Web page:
+constants, and cause errors.  Also, you cannot rely on it preserving
+characteristics of the input which are not significant to C\-family
+languages.  If a Makefile is preprocessed, all the hard tabs will be
+removed, and the Makefile will not work.
+Having said that, you can often get away with using cpp on things which
+are not C.  Other Algol-ish programming languages are often safe
+(Pascal, Ada, etc.) So is assembly, with caution.  \fB\-traditional\-cpp\fR
+mode preserves more white space, and is otherwise more permissive.  Many
+of the problems can be avoided by writing C or \*(C+ style comments
+instead of native language comments, and keeping macros simple.
+Wherever possible, you should use a preprocessor geared to the language
+you are writing in.  Modern versions of the \s-1GNU\s0 assembler have macro
+facilities.  Most high level programming languages have their own
+conditional compilation and inclusion mechanism.  If all else fails,
+try a true general text processor, such as \s-1GNU\s0 M4.
+C preprocessors vary in some details.  This manual discusses the \s-1GNU\s0 C
+preprocessor, which provides a small superset of the features of \s-1ISO\s0
+Standard C.  In its default mode, the \s-1GNU\s0 C preprocessor does not do a
+few things required by the standard.  These are features which are
+rarely, if ever, used, and may cause surprising changes to the meaning
+of a program which does not expect them.  To get strict \s-1ISO\s0 Standard C,
+you should use the \fB\-std=c89\fR or \fB\-std=c99\fR options, depending
+on which version of the standard you want.  To get all the mandatory
+diagnostics, you must also use \fB\-pedantic\fR.  
+This manual describes the behavior of the \s-1ISO\s0 preprocessor.  To
+minimize gratuitous differences, where the \s-1ISO\s0 preprocessor's
+behavior does not conflict with traditional semantics, the
+traditional preprocessor should behave the same way.  The various
+differences that do exist are detailed in the section \fBTraditional
+For clarity, unless noted otherwise, references to \fB\s-1CPP\s0\fR in this
+manual refer to \s-1GNU\s0 \s-1CPP\s0.
+.IX Header "OPTIONS"
+The C preprocessor expects two file names as arguments, \fIinfile\fR and
+\&\fIoutfile\fR.  The preprocessor reads \fIinfile\fR together with any
+other files it specifies with \fB#include\fR.  All the output generated
+by the combined input files is written in \fIoutfile\fR.
+Either \fIinfile\fR or \fIoutfile\fR may be \fB\-\fR, which as
+\&\fIinfile\fR means to read from standard input and as \fIoutfile\fR
+means to write to standard output.  Also, if either file is omitted, it
+means the same as if \fB\-\fR had been specified for that file.
+Unless otherwise noted, or the option ends in \fB=\fR, all options
+which take an argument may have that argument appear either immediately
+after the option, or with a space between option and argument:
+\&\fB\-Ifoo\fR and \fB\-I foo\fR have the same effect.
+Many options have multi-letter names; therefore multiple single-letter
+options may \fInot\fR be grouped: \fB\-dM\fR is very different from
+\&\fB\-d\ \-M\fR.
+.IP "\fB\-D\fR \fIname\fR" 4
+.IX Item "-D name"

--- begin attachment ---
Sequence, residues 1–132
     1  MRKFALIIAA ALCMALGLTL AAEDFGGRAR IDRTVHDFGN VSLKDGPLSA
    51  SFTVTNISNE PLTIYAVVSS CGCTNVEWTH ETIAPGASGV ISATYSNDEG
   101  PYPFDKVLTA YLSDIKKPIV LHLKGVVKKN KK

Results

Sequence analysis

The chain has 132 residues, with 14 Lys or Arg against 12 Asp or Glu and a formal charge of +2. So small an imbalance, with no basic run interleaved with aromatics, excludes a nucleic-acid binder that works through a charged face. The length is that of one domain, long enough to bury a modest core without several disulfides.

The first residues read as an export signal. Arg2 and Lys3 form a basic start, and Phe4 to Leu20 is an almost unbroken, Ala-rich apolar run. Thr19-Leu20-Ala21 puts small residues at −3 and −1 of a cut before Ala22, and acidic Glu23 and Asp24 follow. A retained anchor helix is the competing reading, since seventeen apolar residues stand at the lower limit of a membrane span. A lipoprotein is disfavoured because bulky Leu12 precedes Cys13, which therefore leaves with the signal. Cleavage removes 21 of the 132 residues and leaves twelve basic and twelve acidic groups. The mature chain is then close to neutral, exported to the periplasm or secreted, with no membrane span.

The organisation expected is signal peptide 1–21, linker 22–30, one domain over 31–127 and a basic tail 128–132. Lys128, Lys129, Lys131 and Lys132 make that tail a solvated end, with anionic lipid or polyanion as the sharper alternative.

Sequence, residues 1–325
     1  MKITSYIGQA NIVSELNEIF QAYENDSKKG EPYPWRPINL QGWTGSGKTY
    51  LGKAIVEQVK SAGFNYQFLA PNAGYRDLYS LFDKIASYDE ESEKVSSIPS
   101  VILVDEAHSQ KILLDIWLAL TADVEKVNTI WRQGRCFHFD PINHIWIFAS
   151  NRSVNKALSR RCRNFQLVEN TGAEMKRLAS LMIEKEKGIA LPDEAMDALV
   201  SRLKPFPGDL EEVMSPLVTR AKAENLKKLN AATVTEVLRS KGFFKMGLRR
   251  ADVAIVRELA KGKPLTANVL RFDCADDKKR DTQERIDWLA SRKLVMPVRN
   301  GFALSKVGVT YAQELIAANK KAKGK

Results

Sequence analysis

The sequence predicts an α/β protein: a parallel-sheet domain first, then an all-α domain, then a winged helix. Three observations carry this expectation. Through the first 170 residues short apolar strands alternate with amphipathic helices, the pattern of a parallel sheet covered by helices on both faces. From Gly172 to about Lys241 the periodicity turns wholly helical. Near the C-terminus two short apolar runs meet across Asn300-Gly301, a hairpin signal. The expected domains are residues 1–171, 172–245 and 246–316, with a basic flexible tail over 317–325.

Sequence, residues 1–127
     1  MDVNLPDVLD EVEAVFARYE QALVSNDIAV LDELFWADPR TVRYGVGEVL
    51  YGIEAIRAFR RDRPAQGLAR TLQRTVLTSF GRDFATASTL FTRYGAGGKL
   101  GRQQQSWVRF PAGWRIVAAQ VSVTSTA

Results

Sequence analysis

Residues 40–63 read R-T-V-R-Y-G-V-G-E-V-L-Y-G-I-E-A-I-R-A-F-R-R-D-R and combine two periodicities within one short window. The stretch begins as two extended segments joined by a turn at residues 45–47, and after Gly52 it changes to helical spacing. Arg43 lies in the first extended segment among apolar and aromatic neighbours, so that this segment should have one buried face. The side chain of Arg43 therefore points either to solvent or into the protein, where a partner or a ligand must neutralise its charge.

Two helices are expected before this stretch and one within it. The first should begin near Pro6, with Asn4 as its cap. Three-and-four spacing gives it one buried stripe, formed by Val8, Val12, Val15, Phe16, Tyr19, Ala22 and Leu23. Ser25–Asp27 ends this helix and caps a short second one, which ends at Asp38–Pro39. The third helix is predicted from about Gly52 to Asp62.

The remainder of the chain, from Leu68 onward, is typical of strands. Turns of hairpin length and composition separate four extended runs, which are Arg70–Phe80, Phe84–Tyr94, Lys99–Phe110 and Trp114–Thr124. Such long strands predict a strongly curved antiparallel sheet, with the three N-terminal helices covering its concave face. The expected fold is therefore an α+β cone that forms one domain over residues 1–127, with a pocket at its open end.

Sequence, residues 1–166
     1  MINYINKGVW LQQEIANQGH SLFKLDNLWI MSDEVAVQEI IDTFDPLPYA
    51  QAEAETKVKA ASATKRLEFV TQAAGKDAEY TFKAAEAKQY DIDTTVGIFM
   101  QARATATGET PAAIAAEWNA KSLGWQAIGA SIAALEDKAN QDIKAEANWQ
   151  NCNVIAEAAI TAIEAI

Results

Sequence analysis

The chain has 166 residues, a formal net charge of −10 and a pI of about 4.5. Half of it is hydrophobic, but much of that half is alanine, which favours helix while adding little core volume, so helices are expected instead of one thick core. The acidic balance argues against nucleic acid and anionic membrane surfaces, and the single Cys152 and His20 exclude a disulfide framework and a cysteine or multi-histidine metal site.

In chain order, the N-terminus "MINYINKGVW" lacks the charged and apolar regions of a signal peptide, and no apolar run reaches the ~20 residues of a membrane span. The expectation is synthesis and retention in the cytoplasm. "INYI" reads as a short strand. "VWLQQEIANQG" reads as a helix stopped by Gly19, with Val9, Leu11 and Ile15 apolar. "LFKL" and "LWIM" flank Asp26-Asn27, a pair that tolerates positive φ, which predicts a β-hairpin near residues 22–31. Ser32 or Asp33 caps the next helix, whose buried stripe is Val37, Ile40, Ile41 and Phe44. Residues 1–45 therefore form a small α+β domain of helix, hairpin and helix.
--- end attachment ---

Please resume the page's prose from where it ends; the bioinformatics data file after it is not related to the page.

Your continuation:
+Predefine \fIname\fR as a macro, with definition \f(CW1\fR.
+.IP "\fB\-D\fR \fIname\fR\fB=\fR\fIdefinition\fR" 4
+.IX Item "-D name=definition"
+The contents of \fIdefinition\fR are tokenized and processed as if
+they appeared during translation phase three in a \fB#define\fR
+directive.  In particular, the definition will be truncated by
+embedded newline characters.
+If you are invoking the preprocessor from a shell or shell-like
+program you may need to use the shell's quoting syntax to protect
+characters such as spaces that have a meaning in the shell syntax.
+If you wish to define a function-like macro on the command line, write
+its argument list with surrounding parentheses before the equals sign
+(if any).  Parentheses are meaningful to most shells, so you will need
+to quote the option.  With \fBsh\fR and \fBcsh\fR,
+\&\fB\-D'\fR\fIname\fR\fB(\fR\fIargs...\fR\fB)=\fR\fIdefinition\fR\fB'\fR works.
+\&\fB\-D\fR and \fB\-U\fR options are processed in the order they
+are given on the command line.  All \fB\-imacros\fR \fIfile\fR and
+\&\fB\-include\fR \fIfile\fR options are processed after all
+\&\fB\-D\fR and \fB\-U\fR options.
+.IP "\fB\-U\fR \fIname\fR" 4
+.IX Item "-U name"
+Cancel any previous definition of \fIname\fR, either built in or
+provided with a \fB\-D\fR option.
+.IP "\fB\-undef\fR" 4
+.IX Item "-undef"
+Do not predefine any system-specific or GCC-specific macros.  The
+standard predefined macros remain defined.
+.IP "\fB\-I\fR \fIdir\fR" 4
+.IX Item "-I dir"
+Add the directory \fIdir\fR to the list of directories to be searched
+for header files.
+Directories named by \fB\-I\fR are searched before the standard
+system include directories.  If the directory \fIdir\fR is a standard
+system include directory, the option is ignored to ensure that the
+default search order for system directories and the special treatment
+of system headers are not defeated
+.IP "\fB\-o\fR \fIfile\fR" 4
+.IX Item "-o file"
+Write output to \fIfile\fR.  This is the same as specifying \fIfile\fR
+as the second non-option argument to \fBcpp\fR.  \fBgcc\fR has a
+different interpretation of a second non-option argument, so you must
+use \fB\-o\fR to specify the output file.
+.IP "\fB\-Wall\fR" 4
+.IX Item "-Wall"
+Turns on all optional warnings which are desirable for normal code.
+At present this is \fB\-Wcomment\fR, \fB\-Wtrigraphs\fR,